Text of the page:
Want to franchise a Party City? I have bad news for you. As of 2022, Party City no longer offers franchise opportunities to individuals. But don’t throw yourself a pity party just yet. In light of this, I’ll be covering the history of the Party City franchise, including past franchise costs and fees. The silver lining is there are still ways to invest in this concept if you find the business model attractive.
I’ll also review alternative franchises to Party City and how they compared in general cost to owning and operating a Party City location. You can also take our 7-minute quiz to find a franchise opportunity that’s still available.
- What Is Party City?
- Financial Requirements
- Investment Overview – Is Party City a Smart Investment?
What is Party City?
Party City is a discount party supply store that started in 1986 and remains a household name in party supplies. The company became a cornerstone in the party supply industry, founded by Steve Mandell, which was previously largely mom-and-pop stores. One of the biggest draws of Party City is the ability to get all kinds of party supplies in one location.
For example, Party City supplies decorations and costumes all in one location if a customer is looking to plan a Halloween party or put together a bridal shower or another event. The store boasts a wide range of party goods in one location, including build-your-own goodie bags, table decorations, and costumes. Each location is geared toward making party planning simple and efficient thanks to the color-coordinated organization.
According to an interview with a former Party City owner and manager, 20% of Party City’s storefront profits came from balloons. This was a unique niche for the business even as online retailers like Amazon began to creep into the party supply market, as delivering balloons was a complicated endeavor well beyond the scope of mass online sales.
While brick-and-mortar Party City stores are less common than in the early 2000s, Party City is uniquely a storefront and chain supplier, with products in stores worldwide. As a result, if a grocery or box store sells party supplies, in many cases, those supplies come from Party City’s supply chain, giving them a unique linchpin in the party supply industry.
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In their 2017 report, Party City noted they provide over 40,000 locations with party supplies, accounting for just under 50% of their total 2021 profits compared to their box store annual net sales.
By diversifying its sales methods, Party City controlled the party supply business on both fronts, providing supplies to competitors while offering its own goods at a reduced price.
However, this business model may be declining, as shown by Party City’s most recent fiscal report. But first, let’s take a look at the history of Party City and how the company shifted to public trading over franchising.
Party City initially began franchising from the start in 1986. However, as of 2005, the company shifted from the franchise model and moved toward publicly traded stock and company-run locations. However, the business is still open to investors, even with the shift from a franchise model to a company-run supply chain. After a brief period of unlisting from public trade in 1999, Party City is back to being publicly traded and is always looking for investors.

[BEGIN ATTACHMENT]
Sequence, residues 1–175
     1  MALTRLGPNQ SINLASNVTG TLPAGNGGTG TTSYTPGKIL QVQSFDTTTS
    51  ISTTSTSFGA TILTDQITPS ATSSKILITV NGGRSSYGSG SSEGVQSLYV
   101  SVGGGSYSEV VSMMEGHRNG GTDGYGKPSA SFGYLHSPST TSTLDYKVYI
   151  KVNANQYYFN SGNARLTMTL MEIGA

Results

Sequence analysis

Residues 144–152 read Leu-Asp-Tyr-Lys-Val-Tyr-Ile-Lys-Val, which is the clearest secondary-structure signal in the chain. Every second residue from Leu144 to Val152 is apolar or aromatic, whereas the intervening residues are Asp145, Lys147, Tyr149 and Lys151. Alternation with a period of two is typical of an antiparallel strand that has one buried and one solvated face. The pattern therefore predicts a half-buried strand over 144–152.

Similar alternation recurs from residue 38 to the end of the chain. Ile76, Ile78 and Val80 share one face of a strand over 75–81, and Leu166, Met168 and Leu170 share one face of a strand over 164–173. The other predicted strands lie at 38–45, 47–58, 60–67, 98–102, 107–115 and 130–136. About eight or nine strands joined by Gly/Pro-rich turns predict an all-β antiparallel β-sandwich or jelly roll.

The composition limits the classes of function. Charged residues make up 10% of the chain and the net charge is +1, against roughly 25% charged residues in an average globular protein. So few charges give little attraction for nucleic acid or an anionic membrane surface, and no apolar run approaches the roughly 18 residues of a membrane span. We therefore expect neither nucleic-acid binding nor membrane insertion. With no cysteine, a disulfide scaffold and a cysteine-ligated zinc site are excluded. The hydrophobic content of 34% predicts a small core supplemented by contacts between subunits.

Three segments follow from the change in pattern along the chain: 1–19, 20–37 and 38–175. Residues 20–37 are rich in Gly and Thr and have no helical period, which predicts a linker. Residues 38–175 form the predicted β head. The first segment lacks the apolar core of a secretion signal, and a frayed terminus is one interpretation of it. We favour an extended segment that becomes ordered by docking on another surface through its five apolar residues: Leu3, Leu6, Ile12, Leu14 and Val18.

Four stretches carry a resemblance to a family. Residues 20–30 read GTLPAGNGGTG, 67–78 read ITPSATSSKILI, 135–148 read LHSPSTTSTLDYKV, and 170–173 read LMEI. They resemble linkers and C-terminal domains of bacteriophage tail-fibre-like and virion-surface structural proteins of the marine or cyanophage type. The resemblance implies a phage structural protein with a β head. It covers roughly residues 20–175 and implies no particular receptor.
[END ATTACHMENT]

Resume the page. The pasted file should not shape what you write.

|Year of IPO (Initial Public Offering)||1996|
|Total Units||More than 850|
|Industry||Gifts and novelties|
Is Party City Going out of Business?
As of the writing of this article, Party City is still in operation. However, due to missed Q3 goals and the impact of inflation, the company plans to lay off 19% of its corporate workforce, signaling potential issues for the company.
As of December 12, 2022, the company faces restructuring, causing investors some concerns. In addition, a YTD look at the company’s stock shows a drop totaling 90% compared with the start of the year, which is not a good sign for the flagging company.
According to Bloomberg, Party City carried $1.8 million in debt compared to the meager $121.5 million earnings in the Q3 of 2022. This does not bode well for the party franchise and should be a sign to investors to reconsider investing in the company before its restructuring. While there is potential for the business model to turn around in the next year or two following an analysis of the company and its supply chains, things aren’t looking good for this party goods staple.
On top of this, the cost of shipping paired with helium supplies spells potential disaster for one of the company’s leading sources of revenue. While profits were marginally higher than in 2019, the pandemic and inflation have put Party City in danger of defaulting on their loans and facing potential bankruptcy despite staff cuts.
Is Party City a Publicly Owned or Private Company?
In 1996, Party City became publicly owned and operated. However, the company went unlisted on the stock exchange in 1999, only to return a few years later. At the time of this writing, Party City’s shares were down 90% from the start of the year, with many shareholders selling before the company’s restructuring.
Public shareholders in the company have declined following fiscal uncertainty for the company. Listed primarily as a “penny stock,” Party City has seen a distinct drop in stock worth in 2022, with board members preparing for a restructuring of the company. Moreover, with company layoffs reaching 19% and the threat of defaulted loans, the financial outlook for Party City is rather grim.
Party City Holdco, the owner of Party City and its distribution chains, is currently projected as “on the fence” regarding potential bankruptcy. Some financial analysts put the potential for bankruptcy at 55%, and several financial reports give the stock options for the company a vote of no confidence, advising investors to wait “until the dust settles” to make any financial decisions.
With Party City in financial trouble, let’s look at a base analysis of the financial investments needed to franchise a Party City location. First, remember that the company no longer offers franchise opportunities, meaning these numbers are a ballpark estimate.